Medicaid is one of the largest social welfare programs in the United States. With over 70 million people enrolled, it covers 20 percent of the US population. Though the program is federal, it’s implemented by the state and some states offer generous benefits while others do not. Professor Jamila Michener argues these disparities are actually having an effect on democratic citizenship.
In his 20s, journalist Jason DeParle wanted to understand poverty better, not through statistics, but as a lived experience. He went to the Philippines and moved in with a family in one of the worst slums in Manila. For eight months, DeParle spent time living with Tita Portagana Comodas and her five children. The story of poverty he found there was also a story of migration, as Tita’s husband, Emet, was working as a pool cleaner in Saudi Arabia to support them.
Indermit Gill, a Duke economics professor in the Sanford School of Public Policy, is a prolific research blogger.
Family Connects, a program in which nurses conduct home visits for newborns and their families, is linked to substantial reductions in child maltreatment investigations in children’s earliest years, according to new research from Duke University. Program participants had 44 percent lower rates of child maltreatment investigations during children’s first 24 months of life, compared with parents who did not receive the program, researchers found.
A $3 million gift to Duke University will support two Hart Leadership Program Professors of the Practice in the Sanford School of Public Policy’s Hart Leadership Program, announced Sanford School Dean Judith Kelley.
A panel of Duke professors on Monday discussed the political, legal and national security issues raised by the U.S. House impeachment inquiry of President Trump. Moderator B.J. Rudell, associate director of POLIS, kicked off the discussion at the Sanford School by asking what are “high crimes and misdemeanors” according to the impeachment clause of the U.S. Constitution.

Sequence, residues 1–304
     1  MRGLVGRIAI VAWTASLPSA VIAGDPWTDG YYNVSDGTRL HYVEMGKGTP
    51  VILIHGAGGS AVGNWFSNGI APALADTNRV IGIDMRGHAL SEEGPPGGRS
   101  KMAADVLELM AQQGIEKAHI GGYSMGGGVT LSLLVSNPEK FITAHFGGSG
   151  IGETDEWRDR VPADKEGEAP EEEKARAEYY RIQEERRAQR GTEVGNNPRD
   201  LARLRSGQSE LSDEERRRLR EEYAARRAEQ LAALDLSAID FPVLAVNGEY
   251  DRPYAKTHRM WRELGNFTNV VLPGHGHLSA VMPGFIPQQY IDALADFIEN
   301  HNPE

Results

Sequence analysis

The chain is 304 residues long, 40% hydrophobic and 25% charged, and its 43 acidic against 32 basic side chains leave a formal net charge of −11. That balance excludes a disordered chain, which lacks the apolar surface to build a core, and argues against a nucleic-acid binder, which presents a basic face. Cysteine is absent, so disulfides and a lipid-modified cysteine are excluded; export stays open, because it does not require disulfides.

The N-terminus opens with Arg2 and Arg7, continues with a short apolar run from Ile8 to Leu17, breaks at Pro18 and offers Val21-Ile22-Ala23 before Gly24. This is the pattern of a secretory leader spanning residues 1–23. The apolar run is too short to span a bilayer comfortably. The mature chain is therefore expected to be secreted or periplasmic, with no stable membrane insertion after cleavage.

The Duke Center for International Development (DCID) will offer a two-week program for 12 senior professionals from around the world as part of The Distinguished Humphrey Fellowship Program, sponsored by the Bureau of Educational and Cultural Affairs, U.S.
Economist Philip J. Cook, a professor in Duke University’s Sanford School of Public Policy, has been awarded the 2020 Stockholm Prize in Criminology for his decades of research on gun violence and its wide-ranging effects on society. The prize will be awarded in a ceremony in Stockholm June 10, 2020.
Award-winning New York Times journalist and author Jason DeParle will deliver the 2019 Crown Lecture in Ethics, “The Human Story of Global Migration,” Monday, Nov. 11, at Duke University. DeParle, the author of “A Good Provider is One Who Leaves: One Family and Migration in the 21st Century,” will put global immigration policy debates into a human context.
Scholars at Duke University’s Sanford School of Public Policy and Law School will research new ideas for social media regulation with funding from the John S. and James L. Knight Foundation, the foundation announced today.
The number of college students across the nation who voted in the midterms doubled between 2014 and 2018. At Duke University, the voting rate was even higher – it jumped 114 percent. Podcast episode explores how that jump happened and what specific strategies other colleges could use to increase their own student voting rates.
Professor Peter A. Ubel, M.D., who holds faculty appointments in Fuqua School of Business, Sanford School of Public Policy and the School of Medicine, is among 100 new members elected to the prestigious National Academy of Medicine. Ubel, the Madge and Dennis T. McLawhorn University Professor, was selected for his research on the psychology of health care decision-making that has revealed the unconscious and irrational forces that influence choices made by patients and physicians.